A USMC ops planner’s experience explains the key benefit of wargaming:
Back in May of 2012, I was holding an Operational Planning Team for a Major Pacific OPLAN. This was a big event. We flew in over a hundred participants for almost three weeks of work. I fought with my boss, the G5, over several key points about this OPT and I eventually was able to do things how I wanted. I spoke directly with the CG everyday during the OPT, with three formal briefs to him. Because we were a Joint Force Land Component Command for this OPT, we had players from all services and Special Forces (which is basically it’s own service.) I had interagency players, a full Red Cell, Green Cell, and Red Team. This was the biggest non-exercise event I witnessed in my three years at the MEF. And it was my FIRST OPT and first opportunity to be on the dot for a critical event. I routinely worked bast 1900 and worked past 2100 twice during the three weeks. This was BIG and IMPORTANT and we only had one chance to get it right. I didn’t really know what I was doing, but I am smart enough to get help from smart people. I leaned heavily on three key personnel who had been around awhile and knew what they were doing. And they were great. We got through Problem Framing and Course of Action (COA) Development and were ready for the COA Wargaming step. The CG had settled on one COA, and we were testing it to see if it worked. COA wargaming is another area I fought with Col XXXX on and one. He agreed to let me run it my way and get out of it what I thought I needed.
So, we started the wargame. On the second (SECOND!!!) turn, the Red player took his turn and we were all face with the extremely obvious and extremely uncomfortable realization that our one and only COA was untenable. The result of 2 1/2 weeks worth of intensive work had just failed catastrophically in front of the audience. In the middle of the uncomfortable silence, broken by teeth sucking, I looked to the three officers who had been helping my so much throughout. All of them slumped their shoulders and looked away. One of them actually walked out of the back of the room. I was faced with the uncomfortable realization: “No one is going to save me.” This is the real world. There isn’t an answer in the back of the book. There is no instructor stepping in to bail you out. You are on your own and it is all on your shoulders. I looked out at the OPT and realized that my reputation, this entire event, the time and energy of over a hundred people sat on my shoulders and had no opportunity to start over and fix it. This is what it means to be a planner. It is all on you.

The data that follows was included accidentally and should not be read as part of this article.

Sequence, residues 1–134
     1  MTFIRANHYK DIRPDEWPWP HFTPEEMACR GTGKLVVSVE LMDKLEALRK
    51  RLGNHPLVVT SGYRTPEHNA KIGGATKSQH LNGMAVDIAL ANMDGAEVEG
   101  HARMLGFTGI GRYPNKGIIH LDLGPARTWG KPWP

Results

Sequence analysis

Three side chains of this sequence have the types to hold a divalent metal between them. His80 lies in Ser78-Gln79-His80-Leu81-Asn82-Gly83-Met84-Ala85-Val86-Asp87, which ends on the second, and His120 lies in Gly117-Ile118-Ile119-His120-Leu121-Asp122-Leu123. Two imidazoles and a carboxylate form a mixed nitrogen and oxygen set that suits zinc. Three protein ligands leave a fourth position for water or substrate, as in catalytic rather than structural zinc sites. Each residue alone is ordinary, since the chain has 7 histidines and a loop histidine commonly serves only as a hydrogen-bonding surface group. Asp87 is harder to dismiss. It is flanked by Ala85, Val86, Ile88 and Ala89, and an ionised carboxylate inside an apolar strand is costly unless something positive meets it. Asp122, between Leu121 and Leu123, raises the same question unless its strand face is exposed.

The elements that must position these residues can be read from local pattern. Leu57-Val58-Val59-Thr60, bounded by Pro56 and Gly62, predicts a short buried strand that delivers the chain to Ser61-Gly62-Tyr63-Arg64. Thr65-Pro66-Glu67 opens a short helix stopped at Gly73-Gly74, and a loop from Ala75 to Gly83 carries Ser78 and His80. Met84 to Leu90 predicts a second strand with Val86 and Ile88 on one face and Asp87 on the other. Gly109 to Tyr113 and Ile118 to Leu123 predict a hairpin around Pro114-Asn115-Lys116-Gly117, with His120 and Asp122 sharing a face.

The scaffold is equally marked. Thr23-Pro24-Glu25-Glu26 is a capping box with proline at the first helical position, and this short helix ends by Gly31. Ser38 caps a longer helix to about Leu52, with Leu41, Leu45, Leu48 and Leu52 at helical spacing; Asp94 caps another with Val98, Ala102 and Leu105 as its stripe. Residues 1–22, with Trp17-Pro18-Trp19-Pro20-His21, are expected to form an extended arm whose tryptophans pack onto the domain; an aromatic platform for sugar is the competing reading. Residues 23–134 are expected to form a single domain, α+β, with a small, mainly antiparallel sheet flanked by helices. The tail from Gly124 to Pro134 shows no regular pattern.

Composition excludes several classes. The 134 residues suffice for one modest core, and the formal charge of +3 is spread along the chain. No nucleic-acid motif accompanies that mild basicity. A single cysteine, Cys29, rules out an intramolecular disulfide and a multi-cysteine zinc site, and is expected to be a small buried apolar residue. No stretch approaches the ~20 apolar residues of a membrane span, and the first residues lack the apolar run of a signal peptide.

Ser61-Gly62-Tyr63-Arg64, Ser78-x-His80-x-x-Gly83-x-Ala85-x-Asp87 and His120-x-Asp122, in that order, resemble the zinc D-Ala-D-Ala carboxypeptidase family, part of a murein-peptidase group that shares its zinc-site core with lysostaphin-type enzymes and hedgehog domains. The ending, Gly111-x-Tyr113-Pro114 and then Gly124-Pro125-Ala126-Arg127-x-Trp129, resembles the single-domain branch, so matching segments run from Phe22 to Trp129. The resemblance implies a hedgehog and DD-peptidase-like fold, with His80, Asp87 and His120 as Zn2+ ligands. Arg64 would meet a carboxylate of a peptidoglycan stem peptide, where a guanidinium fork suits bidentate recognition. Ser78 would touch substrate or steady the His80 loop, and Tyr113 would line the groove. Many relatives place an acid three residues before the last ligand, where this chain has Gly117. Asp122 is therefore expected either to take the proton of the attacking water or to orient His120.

So, I used my favorite OPT tactic and said, “Everybody take 10!” I grabbed my two trusted agents (LtCol XXX and Maj XXX who worked closest with me, LtCol XXX will come up again in three slides) and went into the back room to discuss what we should do. They were both a little shell-shocked and no help. So, I fixed it. The problem, as it turned out, was timing. I adjusted the timing and changed the character of one force and its mission. And we recocked the wargame with the new COA. And it worked. It worked so well that, with minor modifications, it went into the plan of record. We have since referred to that wargame as the most successful COA wargame ever, because it identified a critical flaw in the COA and we were able to adjust the COA to opvercome the flaw.
The challenge, of course, is that people have to be willing to accept the information produced by the wargaming session. In vast bureaucracies like the U.S. armed forces, they are much more likely to sweep any uncomfortable information thus gathered under the carpet and pretend everything is fine, because in most cases the real world test will never come and the planning flaws will remain undetected.
It is eminently clear that the Obama administration does not have anyone advising it who is well-versed in wargaming, or rather, it is not listening to anyone who is.